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In an effort to simplify production issues for our clients – and to ensure that they themselves are in compliance with the EU and Swiss Privacy Laws on protection of personal information – MBHB has obtained certification under the U.S.-EU Safe Harbor Framework and the U.S.-Swiss Safe Harbor Framework. This certification process allows clients peace of mind when transferring documents and other materials that may contain personal data from the EU and/or Switzerland to the United States.
The Supreme Court Brulotte v. Thys Co. decision stands for the rule that a patentee cannot receive royalties for activities falling within the scope of the patent claims once the patent has expired. Roundly criticized on economics grounds since it was handed down, the Supreme Court refused to walk back the Brulotte rule in a case decided at the end of the past term, Kimble v. Marvel Entertainment, LLC.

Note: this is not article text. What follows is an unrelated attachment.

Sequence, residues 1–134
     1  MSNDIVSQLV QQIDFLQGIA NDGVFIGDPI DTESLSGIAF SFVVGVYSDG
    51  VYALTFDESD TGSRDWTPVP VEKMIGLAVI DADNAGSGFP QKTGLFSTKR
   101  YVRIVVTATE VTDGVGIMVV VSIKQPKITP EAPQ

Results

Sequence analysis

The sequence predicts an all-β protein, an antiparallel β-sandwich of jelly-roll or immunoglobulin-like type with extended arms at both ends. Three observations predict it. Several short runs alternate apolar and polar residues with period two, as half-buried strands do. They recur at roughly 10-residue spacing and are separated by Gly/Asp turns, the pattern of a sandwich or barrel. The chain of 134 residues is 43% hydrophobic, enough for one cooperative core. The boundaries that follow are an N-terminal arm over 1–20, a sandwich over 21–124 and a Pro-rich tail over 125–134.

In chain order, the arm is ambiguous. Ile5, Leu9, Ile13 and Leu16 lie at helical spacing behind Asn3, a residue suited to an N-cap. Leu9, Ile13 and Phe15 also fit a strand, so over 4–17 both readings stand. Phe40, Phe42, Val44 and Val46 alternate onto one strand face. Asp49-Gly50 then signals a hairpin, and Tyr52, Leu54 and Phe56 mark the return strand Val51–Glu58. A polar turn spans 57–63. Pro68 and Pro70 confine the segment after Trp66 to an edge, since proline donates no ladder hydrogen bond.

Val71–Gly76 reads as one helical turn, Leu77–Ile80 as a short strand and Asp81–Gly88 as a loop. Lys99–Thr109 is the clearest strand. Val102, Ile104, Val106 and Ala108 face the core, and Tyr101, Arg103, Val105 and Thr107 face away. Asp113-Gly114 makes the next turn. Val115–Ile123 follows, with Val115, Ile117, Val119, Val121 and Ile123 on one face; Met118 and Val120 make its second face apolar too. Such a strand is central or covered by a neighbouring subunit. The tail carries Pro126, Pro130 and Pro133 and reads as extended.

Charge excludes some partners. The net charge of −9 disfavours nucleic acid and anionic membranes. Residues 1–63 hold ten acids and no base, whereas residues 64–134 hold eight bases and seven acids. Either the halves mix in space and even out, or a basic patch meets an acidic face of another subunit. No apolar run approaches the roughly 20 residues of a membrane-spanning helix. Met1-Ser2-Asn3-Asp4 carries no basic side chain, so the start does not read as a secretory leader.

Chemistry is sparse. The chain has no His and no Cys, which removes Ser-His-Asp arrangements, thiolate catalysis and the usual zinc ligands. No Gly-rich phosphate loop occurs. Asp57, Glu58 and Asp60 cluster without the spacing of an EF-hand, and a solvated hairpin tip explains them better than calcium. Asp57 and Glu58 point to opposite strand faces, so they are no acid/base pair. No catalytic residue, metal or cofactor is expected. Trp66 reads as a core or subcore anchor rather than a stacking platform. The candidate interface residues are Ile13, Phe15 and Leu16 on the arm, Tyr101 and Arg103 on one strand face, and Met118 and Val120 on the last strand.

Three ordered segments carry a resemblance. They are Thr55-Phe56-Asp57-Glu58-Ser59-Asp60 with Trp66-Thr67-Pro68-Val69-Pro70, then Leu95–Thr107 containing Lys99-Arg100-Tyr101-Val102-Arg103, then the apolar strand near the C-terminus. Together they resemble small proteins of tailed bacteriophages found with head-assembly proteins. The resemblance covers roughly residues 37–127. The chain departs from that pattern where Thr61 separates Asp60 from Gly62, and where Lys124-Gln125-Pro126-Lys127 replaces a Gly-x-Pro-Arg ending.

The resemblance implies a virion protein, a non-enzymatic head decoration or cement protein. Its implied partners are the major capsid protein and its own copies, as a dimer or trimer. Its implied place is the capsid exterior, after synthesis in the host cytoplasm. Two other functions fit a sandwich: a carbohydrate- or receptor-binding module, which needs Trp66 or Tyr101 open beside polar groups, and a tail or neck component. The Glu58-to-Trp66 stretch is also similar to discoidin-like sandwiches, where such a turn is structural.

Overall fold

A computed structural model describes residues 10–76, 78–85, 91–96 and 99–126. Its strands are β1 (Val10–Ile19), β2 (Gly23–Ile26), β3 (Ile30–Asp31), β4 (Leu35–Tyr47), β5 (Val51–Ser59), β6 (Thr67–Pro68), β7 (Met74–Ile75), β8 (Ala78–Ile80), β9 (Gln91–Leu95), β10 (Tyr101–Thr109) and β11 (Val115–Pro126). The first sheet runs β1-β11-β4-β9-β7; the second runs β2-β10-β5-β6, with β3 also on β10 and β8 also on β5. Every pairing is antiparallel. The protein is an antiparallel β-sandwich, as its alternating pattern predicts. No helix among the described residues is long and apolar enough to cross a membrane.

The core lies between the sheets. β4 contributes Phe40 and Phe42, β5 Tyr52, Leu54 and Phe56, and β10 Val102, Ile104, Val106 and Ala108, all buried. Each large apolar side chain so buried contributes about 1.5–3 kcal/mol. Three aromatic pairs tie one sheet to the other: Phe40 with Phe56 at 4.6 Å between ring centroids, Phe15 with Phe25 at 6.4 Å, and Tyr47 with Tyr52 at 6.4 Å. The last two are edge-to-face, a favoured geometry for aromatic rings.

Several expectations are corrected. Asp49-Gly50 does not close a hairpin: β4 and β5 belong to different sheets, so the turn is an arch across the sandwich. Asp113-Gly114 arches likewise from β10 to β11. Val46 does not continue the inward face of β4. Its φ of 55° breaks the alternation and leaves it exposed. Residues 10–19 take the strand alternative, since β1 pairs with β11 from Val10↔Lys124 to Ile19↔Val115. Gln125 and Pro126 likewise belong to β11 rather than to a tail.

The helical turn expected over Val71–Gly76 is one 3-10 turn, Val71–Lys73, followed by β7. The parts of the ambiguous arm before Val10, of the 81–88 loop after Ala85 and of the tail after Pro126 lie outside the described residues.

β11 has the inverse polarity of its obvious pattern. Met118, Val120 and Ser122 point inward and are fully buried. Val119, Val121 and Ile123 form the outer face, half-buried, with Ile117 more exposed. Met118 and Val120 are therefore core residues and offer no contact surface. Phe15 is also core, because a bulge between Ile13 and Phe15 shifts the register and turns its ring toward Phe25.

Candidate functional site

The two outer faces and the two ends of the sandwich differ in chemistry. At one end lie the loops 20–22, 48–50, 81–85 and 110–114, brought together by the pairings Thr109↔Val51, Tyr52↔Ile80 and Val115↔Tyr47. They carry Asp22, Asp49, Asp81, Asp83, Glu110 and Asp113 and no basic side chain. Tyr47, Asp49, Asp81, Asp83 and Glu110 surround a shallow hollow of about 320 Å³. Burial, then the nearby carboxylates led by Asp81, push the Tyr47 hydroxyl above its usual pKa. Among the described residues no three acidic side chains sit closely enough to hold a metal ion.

In 2009, Sergey Aleynikov was a computer programmer employed by Goldman Sachs to write high-frequency trading code. He accepted an offer to join a new Chicago-based company, Teza Technologies. Before he left Goldman Sachs, however, he sent portions of Goldman’s high frequency trading code to a German server for his own future use. After Goldman found out, it went to the FBI; Aleynikov was then arrested on a flight home from a visit to Chicago. With that arrest began a circuitous journey through the U.S. legal system, governed by two different sovereigns and under two different legal regimes – neither one of which was ultimately found to cover his actions.
In the highly fractured Amgen v. Sandoz decision, the Federal Circuit, in part, concluded that the Biologics Price Competition and Innovation Act (“BPCIA”) patent resolution procedure was not mandatory, leaving open the distinct possibility that no biosimilar applicant will ever use the new biosimilar approval pathway.
In a decision authored by Chief Judge Sharon Prost, the Federal Circuit held that while design patents covering product configurations – that is, “a product feature or a combination or arrangement of features” – can protect functional aspects of a design, trade dresses cannot.
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